Try to find Alasay.
At the tail end of March, a French-led NATO force initiated a major operation in the Alasay Valley of Kapisa Province in Afghanistan. In the initial push, dozens of “Taliban” fighters died. If you’re fond of French, Paris Match wrote a fairly riveting account of the first round of operations there.
Several friends of mine happened to have witnessed the past several weeks of operations there. With their permission, I’ll post some of their thoughts and observations of what is going on below the jump.
“We have a non-US NATO force in the lead as the ISAF maneuver element,” one observer noted with obvious pride, “we have the ANA holding the ground, we have the locals welcoming the troops, we have tons of meetings in Alasay, Kapisa and Kabul about stabilizing the district, we have Taliban reconciling, we have local elders telling the TB to leave, we have villagers and officials in neighboring areas noting an immediate improvement in security. This is text book clear, hold build and it will be very hard for the TB to reassert themselves if we stay.”
Curiously, outside the French press (some of which is linked to above), there is almost no coverage of what’s going on there. As Old Blue would agree, this is not a new problem. I searched the CJTF101 homepage for information about the push to retake Alasay, but there was almost nothing there. Alasay is a strategic goldmine: it lies along a primary infiltration route into and out of Pakistan, it provides easy access to Kabul in an easily defensible primary valley (there are two other valleys in Alasay District almost no Coalition Forces enter), and it is mostly populated by a Pashto-speaking ethnic minority very few people have ever studied—the Pashai.
Christian Bleuer discussed a bit about who they are in a post last Spring, though there are some addendums. I sat down with a group of Pashai elders in late January, and asked about the decades-old academic work on the Pashai. They directly contradicted Ovéson’s work: rather than being simply a linguistic group, these Pashai claim that they are their own separate ethnicity. My colleagues who have been trying to catalog and make contact with the Pashai throughout Kapisa have noted this as well. What’s more, those Pashai elders claimed that their status as merely a language was an artificial creation of King Zahir Shah, who forced them to register as Pashai-speak Safi Pashtuns—it wasn’t until Daoud, the main elder said, that they were able to gain recognition as a separate ethnicity.
All of that is very interesting, and definitely worth additional research. Of much more immediate interest is what, exactly, events in Alasay represent. In early 2008, shortly after the Mujahideen Day Parade Attack in Kabul last April, the government of Afghanistan decided to reassign the ANA and ANP who had been guarding the Alasay Valley to Kabul. The result was pure disaster: during the course of 2008, Alasay changed from a valley some U.S. troops could enter at times unmolested, quickly devolved into a hornet’s nest of RPG ambushes.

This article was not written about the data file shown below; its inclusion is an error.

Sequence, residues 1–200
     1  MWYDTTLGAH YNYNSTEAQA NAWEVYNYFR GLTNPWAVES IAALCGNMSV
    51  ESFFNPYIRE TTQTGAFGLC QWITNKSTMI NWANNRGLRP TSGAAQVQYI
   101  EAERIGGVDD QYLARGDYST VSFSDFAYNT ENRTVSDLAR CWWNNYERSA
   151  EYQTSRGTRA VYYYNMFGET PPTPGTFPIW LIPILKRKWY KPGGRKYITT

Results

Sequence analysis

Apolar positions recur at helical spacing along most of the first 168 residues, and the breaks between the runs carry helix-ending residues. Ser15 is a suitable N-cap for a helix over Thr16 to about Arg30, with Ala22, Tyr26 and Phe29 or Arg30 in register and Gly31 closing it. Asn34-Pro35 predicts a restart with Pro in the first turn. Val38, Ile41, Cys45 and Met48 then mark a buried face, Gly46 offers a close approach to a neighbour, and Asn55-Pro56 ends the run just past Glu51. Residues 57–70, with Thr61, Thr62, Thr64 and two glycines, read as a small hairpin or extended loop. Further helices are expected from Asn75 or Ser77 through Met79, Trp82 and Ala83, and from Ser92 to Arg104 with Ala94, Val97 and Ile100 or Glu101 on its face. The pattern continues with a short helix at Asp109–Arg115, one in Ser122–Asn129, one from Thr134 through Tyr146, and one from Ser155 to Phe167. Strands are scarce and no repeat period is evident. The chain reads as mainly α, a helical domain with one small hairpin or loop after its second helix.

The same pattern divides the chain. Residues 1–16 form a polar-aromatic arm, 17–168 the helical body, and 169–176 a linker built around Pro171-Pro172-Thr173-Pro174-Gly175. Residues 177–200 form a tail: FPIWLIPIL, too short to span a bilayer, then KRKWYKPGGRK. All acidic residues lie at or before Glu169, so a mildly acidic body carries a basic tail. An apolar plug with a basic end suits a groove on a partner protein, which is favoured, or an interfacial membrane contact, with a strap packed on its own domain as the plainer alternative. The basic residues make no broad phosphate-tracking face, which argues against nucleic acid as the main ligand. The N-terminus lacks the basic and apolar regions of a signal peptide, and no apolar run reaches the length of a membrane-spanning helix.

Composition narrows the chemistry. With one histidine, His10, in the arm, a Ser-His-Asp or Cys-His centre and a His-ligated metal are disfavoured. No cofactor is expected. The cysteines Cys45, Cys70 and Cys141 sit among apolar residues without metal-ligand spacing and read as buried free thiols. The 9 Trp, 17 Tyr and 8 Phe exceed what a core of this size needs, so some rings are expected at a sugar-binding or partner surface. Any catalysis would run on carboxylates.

Since mid-2008, there has been precious little activity in Alasay—while in 2007, the Coalition made a valiant effort to sweep Alasay and the Tagab, for months only sporadic patrols dared breach the valley’s entrance. The insurgents there had almost total freedom of movement.
No longer. A brand new COP—Combat Outpost—became operational last month, and since then the French, ANA, and U.S. mentors have seen quite a bit of combat. “There appears to be an attempt to have a coordinated follow-up on the non-K side,” one of my colleagues told me. “There have been several HA drops, a MECAP and numerous meetings so far. The ANA has two COPs a couple OPs and a supporting position dug in. It looks like they’ll stay.” In English? The Coalition seems to be focusing on the non-fighting portion of their mission: distributing Humanitarian Assistance (sometimes food, sometimes clothes, blankets, or shoes), setting up temporary free medical clinics, and holding meetings with the elders and other leadership. The Afghan National Army has set up several observation posts and combat stations, along with the logistics to support them.
If this becomes a permanent thing, it will have an enormous effect on the insurgency in Central Afghanistan. Word on the street is that already, dozens of Taliban fighters have made the short trip to Kabul to reconcile with the government and drop out of the insurgency. It is a remarkable reversal: the Taliban literally occupied the Alasay District Center for nearly a solid year but they were driven back at the cost of one French solider. After a year’s absence, local elders are now holding almost daily shuras with the ANA and whatever western troops happen to be nearby.
So far, three weeks into the campaign to retake the Alasay Valley, things appear to be on track. That French soldier’s sacrifice will hopefully be honored by the commitment to stay, protect the people who live there, and keep pushing the Taliban and other insurgents back from the area. This is real progress, and it might even be permanent progress instead of the rather ephemeral glimmers of hope that have so far characterized the counterinsurgency so far.